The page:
London Spy is less Spectre than it is unexpected. In the new drama—imported from the U.K. by BBC America and premiering January 21—it’s more so the private life of the titular secret agent Alex (played by Wolf Hall’s Edward Holcroft) and not his on-the-clock adventures that drives the drama. Indeed, it’s a chance meeting with Danny (Ben Whishaw’s somewhat reformed party boy) that seems, more than injury or intrigue, to throw him for a loop. Of course, with a career like Alex’s there’s really no such thing as a dull day at the office.
Here, Holcroft—on a break from rehearsals of Les Liaisons Dangereuse at London’s Donmar Warehouse—explains how the series drew him in and why he’d make an excellent spy… if he isn’t one already.
The first episode of London Spy calls to mind some real-life events, like when the body of a British spy was found in 2010 in a bag at his apartment. What kind of real-life research did you do to play this complicated, guarded character?
I didn’t talk to anyone who had been a spy. I didn’t try only because I assumed that anyone who would have been worth talking to wouldn’t talk to me! Otherwise they wouldn’t be very good at their job. For me, Alex’s story isn’t really about being a spy, but is about finding a relationship with some truth in it. As far as what was going on in his life as a spy and what that consists of, I did a little bit of research—as much as anyone can do, I guess—and used my imagination.
Well, part of him being a spy is that he’s a tough character to get to know. What about that appealed to you as an actor?
He is very strange! There was a certain air of mystery to him that I found absolutely intriguing. I think the less you know about someone, the more intriguing they are. Also, I found his loneliness and his real desire to have friends to be something that I was very drawn to. I’m not sure why, probably because it’s not like me at all. He’s very different than me, so there were a lot of things that I wanted to know about.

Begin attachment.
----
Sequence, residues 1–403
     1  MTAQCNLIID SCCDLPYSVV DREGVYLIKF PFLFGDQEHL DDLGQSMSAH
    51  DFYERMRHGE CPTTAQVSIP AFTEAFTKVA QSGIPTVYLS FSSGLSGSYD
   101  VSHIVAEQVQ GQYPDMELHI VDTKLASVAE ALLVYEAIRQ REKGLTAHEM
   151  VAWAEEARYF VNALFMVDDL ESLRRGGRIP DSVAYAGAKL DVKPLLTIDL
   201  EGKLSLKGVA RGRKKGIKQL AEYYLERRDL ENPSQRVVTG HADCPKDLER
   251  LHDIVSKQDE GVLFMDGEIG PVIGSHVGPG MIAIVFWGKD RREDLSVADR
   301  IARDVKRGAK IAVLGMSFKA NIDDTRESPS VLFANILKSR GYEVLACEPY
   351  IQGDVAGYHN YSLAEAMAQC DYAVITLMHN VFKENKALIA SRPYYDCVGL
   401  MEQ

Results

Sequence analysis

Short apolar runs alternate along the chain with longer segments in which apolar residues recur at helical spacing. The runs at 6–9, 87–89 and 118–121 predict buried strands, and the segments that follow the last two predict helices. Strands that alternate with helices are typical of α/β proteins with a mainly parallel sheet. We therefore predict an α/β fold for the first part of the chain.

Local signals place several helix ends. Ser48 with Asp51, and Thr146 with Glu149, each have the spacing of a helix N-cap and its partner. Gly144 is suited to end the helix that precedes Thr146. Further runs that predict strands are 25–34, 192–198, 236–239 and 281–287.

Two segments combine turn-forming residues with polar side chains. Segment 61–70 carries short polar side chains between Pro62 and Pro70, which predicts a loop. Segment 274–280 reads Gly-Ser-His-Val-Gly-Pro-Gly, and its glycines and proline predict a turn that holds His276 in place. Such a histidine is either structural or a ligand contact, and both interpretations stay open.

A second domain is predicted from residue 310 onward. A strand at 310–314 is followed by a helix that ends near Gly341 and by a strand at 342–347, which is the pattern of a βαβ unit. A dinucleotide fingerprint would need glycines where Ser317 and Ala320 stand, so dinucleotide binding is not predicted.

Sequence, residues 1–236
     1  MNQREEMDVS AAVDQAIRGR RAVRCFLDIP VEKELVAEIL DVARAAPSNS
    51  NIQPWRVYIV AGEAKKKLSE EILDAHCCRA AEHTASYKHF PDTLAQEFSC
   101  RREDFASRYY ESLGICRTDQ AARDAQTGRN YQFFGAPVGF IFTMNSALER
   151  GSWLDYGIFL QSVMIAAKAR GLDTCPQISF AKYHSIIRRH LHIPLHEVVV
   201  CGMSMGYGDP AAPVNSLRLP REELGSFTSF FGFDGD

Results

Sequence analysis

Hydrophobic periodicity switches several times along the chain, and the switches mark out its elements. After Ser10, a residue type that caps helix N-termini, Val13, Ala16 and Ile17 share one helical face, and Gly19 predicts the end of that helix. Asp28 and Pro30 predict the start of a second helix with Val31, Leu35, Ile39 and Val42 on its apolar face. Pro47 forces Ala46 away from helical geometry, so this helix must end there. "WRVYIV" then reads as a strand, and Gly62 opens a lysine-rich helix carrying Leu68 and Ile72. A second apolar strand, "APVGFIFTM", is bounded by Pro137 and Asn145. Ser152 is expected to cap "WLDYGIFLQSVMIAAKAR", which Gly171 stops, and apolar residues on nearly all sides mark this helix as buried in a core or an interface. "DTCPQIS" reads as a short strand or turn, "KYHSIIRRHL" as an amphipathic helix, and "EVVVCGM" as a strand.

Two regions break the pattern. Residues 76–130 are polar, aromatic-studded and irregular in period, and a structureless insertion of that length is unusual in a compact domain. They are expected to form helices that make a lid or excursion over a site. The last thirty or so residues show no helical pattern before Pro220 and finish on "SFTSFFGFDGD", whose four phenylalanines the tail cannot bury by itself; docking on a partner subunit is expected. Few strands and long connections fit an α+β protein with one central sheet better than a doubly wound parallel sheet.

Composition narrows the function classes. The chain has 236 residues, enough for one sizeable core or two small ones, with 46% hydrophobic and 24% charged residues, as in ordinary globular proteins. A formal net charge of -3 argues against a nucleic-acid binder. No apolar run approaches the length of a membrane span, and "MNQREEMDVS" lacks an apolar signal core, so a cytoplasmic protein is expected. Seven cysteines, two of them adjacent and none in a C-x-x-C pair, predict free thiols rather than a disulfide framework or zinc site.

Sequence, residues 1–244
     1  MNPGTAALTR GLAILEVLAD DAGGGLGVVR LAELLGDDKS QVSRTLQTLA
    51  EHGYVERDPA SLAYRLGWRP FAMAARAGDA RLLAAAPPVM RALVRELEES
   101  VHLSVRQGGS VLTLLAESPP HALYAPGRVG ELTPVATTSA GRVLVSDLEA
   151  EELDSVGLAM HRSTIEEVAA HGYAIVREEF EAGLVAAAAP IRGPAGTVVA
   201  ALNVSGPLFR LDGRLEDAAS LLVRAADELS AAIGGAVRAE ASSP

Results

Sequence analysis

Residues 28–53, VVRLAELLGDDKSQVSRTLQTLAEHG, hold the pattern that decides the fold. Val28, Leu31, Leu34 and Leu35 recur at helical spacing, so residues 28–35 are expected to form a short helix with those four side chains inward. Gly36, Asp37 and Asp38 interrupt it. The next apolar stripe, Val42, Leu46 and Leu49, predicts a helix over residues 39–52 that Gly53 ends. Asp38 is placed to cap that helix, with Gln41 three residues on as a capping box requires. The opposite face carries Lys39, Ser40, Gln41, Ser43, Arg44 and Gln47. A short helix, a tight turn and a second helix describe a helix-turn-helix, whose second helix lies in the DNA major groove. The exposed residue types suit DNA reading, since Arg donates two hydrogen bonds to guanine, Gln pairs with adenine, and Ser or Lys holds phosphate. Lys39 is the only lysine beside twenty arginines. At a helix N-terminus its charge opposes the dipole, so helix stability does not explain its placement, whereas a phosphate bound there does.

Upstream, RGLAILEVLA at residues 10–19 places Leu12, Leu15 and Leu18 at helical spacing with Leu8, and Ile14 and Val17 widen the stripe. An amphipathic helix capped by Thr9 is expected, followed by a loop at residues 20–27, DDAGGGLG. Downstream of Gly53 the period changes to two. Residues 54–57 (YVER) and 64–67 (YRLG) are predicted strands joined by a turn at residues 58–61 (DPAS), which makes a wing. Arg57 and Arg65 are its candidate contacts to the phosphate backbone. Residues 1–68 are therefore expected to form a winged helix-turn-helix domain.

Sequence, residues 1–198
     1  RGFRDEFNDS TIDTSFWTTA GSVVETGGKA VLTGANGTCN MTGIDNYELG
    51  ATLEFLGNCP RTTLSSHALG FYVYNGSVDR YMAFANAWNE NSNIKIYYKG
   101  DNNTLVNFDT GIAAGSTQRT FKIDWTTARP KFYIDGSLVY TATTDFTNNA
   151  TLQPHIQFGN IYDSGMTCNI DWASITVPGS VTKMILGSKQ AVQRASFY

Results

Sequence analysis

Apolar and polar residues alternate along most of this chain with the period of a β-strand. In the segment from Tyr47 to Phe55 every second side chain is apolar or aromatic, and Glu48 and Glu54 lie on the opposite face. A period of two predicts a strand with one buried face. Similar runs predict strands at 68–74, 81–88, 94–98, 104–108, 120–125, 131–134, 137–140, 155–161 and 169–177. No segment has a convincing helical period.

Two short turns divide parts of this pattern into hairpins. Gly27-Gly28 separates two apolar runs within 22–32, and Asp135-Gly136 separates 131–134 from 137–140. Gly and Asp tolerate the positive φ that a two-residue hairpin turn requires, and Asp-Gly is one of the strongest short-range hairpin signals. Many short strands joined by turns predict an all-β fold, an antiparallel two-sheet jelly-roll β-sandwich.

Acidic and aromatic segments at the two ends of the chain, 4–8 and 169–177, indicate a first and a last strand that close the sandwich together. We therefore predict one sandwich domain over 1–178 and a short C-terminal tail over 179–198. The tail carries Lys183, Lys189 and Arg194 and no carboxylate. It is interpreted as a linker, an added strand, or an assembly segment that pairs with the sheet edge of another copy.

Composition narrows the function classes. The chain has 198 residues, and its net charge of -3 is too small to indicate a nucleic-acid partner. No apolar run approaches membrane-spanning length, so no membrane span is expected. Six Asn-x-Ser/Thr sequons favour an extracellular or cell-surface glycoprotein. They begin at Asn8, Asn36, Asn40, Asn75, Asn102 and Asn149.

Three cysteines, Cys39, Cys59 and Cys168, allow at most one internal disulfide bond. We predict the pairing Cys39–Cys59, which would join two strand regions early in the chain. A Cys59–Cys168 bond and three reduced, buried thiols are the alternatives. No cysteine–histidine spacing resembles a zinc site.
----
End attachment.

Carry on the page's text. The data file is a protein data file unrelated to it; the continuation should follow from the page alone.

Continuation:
Right, he doesn’t have an exciting, James Bond-style life.
Exactly. I think the glitch of spy stories that we know, like the James Bonds and the Jason Bournes can be that they’re all so glamorous when actually I don’t think that sort of exists in contemporary espionage. The majority of spies, real spies, are people who don’t share much information with anyone really in their life, they’re on their own. I think the realness of that that I saw in the script, the sort of rawness of what actually goes on, was refreshing. It was original. It was something that I hadn’t seen in stories before.
Knowing that Alex’s personal life is more difficult at times than his professional life, what does the first season hold for him?
The real driver of the story is the relationship between him and Ben Whishaw’s character, Danny. It begins with the chance meeting of these two men, who are both looking for a way out of their own worlds and they fall in love. It’s through this relationship that Alex is motivated to make a discovery that puts him and Danny both in terrible danger. I think that probably is the most I can say.
Are you yourself at all spy-like? Would it be a viable option for a second career?
I’d like to think I could keep a secret. I think actors would make great spies, because there’s a certain element of loneliness in being an actor; it kind of can be a lonely occupation. You can be very isolated. Would I be a very good spy? I don’t know. Maybe I am one. Maybe I’m just not telling you.